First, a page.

After several centuries of slavery in Egypt, God heard His people’s cries and sent His prophet Moses to save them from Pharaoh’s hand and guide them to the promised land. They wandered the desert for forty years on their way, and succumbed to every single temptation. Each failure was a betrayal of their God that had saved them.
From the beginning, God revealed Himself as the almighty Whose strength surpasses that of the great Pharaoh and his gods. He sent ten plagues, judgments against the ten Egyptian deities, showing that He is the only and true God until the brutal ruler was taken by fear and released the enslaved (Ex 7-12). Then, revealing His providence, “He went in front of them (His people) in a pillar of cloud by day, to lead them along the way, and in a pillar of fire by night, to give them light” (Ex 13:21). He revealed His goodness and graciousness, providing bread from heaven (Ex 16), and brought water out of the rock for them (Ex 17:1-7; Nb 20:1-13).
Nevertheless, His people betrayed Him by surrendering to temptations. While He promised to give them their daily bread, as much as each of them needed, they wanted to preserve some of the food for the next day, not trusting in His providence. They complained incessantly, wishing they could go back to Egypt, preferring slavery over freedom, not trusting in His leadership nor His promise of better land. When they were alone, they felt hopeless and started to worship a golden calf they made using their jewelry (Ex 32).
However, God remained loyal and did not leave them. He guided them to the promised land. They kept on betraying Him, even after they entered the promised land, but He never turned away from them. His fidelity is everlasting.
Because He is the loyal one, when the right time came, He sent His only-begotten Son to save His people once for all. After being baptized, His Son, Jesus Christ, was driven by the Holy Spirit into the same desert where His ancestors wandered for forty years (Mk 1:12-13; Mt 4:1-11; Lk 4:1-13). There, He spent forty days alone, praying, fasting, and being tempted by Satan. He was tried with the exact same temptations that made the chosen people succumb centuries ago and betray their God.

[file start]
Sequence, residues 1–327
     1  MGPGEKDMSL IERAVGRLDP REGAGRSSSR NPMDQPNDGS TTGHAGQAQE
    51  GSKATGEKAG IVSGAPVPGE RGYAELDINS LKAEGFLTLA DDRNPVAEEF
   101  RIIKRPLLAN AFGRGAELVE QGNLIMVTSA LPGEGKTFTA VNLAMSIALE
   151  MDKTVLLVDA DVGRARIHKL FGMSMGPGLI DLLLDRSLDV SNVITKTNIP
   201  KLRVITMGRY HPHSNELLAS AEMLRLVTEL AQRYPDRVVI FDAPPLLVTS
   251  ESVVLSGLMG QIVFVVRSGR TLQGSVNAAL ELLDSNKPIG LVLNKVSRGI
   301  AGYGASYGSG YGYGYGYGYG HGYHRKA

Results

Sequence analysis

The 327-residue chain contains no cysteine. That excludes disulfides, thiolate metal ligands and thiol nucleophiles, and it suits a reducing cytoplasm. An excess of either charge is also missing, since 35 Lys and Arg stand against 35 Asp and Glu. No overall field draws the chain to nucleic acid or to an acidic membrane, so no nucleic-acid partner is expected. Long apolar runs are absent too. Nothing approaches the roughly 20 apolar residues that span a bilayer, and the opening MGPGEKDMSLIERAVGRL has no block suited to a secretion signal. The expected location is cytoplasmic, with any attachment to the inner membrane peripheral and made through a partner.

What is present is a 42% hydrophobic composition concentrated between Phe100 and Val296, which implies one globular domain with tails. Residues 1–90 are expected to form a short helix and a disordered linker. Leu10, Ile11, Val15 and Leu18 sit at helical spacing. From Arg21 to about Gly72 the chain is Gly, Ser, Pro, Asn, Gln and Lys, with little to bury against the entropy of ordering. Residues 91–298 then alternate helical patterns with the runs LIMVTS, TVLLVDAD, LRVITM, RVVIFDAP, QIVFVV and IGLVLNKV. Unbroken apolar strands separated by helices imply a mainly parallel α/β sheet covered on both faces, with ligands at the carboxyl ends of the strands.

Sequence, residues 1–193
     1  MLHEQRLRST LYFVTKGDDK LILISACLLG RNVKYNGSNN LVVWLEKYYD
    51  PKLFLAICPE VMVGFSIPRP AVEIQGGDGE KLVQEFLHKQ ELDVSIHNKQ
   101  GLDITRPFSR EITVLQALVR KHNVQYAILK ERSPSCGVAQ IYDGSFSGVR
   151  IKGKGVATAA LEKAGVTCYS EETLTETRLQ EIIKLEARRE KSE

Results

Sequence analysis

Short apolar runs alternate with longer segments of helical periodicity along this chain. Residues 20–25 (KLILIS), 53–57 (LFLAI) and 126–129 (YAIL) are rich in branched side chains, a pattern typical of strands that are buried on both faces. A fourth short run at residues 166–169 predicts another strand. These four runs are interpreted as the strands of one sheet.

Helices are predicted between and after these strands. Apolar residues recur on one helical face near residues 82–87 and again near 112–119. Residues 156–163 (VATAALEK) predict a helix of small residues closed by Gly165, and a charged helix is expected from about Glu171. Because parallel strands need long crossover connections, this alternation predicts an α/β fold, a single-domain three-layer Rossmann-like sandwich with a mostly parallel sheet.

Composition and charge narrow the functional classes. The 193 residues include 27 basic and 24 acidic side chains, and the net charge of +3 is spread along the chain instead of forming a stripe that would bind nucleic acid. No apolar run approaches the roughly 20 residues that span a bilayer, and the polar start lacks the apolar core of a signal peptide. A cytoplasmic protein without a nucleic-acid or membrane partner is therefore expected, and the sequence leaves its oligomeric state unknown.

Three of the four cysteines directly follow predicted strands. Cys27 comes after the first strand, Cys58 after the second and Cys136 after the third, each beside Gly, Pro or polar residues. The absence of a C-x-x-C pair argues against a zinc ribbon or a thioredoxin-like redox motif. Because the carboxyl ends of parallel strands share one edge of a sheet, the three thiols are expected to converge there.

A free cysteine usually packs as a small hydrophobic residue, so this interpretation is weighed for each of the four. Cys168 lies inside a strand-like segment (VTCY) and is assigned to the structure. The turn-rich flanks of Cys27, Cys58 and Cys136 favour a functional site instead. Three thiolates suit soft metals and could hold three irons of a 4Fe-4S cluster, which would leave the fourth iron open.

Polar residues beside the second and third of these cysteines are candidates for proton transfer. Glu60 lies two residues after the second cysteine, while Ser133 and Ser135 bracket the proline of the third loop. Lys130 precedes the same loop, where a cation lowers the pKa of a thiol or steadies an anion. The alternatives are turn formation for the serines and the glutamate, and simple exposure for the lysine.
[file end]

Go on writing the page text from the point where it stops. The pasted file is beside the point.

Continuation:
He was tempted not to trust His Father’s goodness and to give Himself earthly food by turning stones into loaves of bread (Mt 4:3-4). He was dared to jump from the pinnacle of the Temple and put His Father’s providence to test (Mt 4:5-7). He was tempted to bow before Satan and worship him, like the ancients worshipped the golden calf, and turn against His Father (Mt 4:8-10).
He was tried with the same temptations of the people, but He did not succumb. He entered the desert and came back victorious after forty days. With His victory, He undid His people’s failure, and with His obedience canceled their betrayal and rebellion. He then came back to Galilee, proclaiming the good news of God, saying: “The time is fulfilled, and the kingdom of God has come near, repent, believe in the good news” (Mk 1:14).
His victory in the desert was a preparation for His final and ultimate triumph. After baptizing His Church on the cross with His own blood, He went down and entered the cruelest desert of all. He descended to the Sheol, home of the dead, where He fought His final battle, won over Satan, destroyed death, and rose on the third day, giving us the privilege to participate in His triumph and participate in His life. By His resurrection, He inaugurated the Kingdom that He proclaimed and made entry possible for us.
Baptized in the name of the Father and the Son and the Holy Spirit, we have been saved from “Egypt’s slavery”. We have been liberated from Satan’s authority and saved from death’s mercilessness. Throughout our lives, we have witnessed the almightiness of our God, His goodness, and His providence. Wandering in our deserts, we still betray Him and succumb to the many temptations. We worship other gods and hope in them. We worship ideas, possessions, and people. We are also tempted to not trust in His goodness: we focus all our energy on benefiting ourselves by our own strength. We are devoured by our worries about what to eat. We surrender to our flesh’s desires and seek their temporary satisfaction. We are tempted every day, in every choice we make, to not trust in His providence and try to take full control of our lives, preferring our will over His.
How can we be victorious in this desert of temptations? We can’t by ourselves, for we will fail like our ancestors. Only Jesus Christ was victorious. He can and is willing to lead us to a certain triumph. Whenever I struggle or you do, He is here with us. He is in every single desert, willing to convert our failures and betrayals, like He undid our ancestors’, and lead us to His Kingdom. We can choose to fight alone and lose, or accept to trust in Him and let Him triumph.
Embrace your desert and face your struggles. If you try to escape it and turn back to slavery, you will never reach the promised land. If you deny your struggles, they will eat you alive. Turning your back to a beast will not protect you from its ferocity. Face your struggles, and admit that you need Jesus Christ. Admit that He is your only strength, your only hope, your only victory, the only one Who, as man, fought your exact same temptations, and as God triumphed over them. He is the only one Who can guide you through your desert to the Kingdom where He reigns, that you too might reign with Him. He is the only one Who can guide you through death to everlasting life.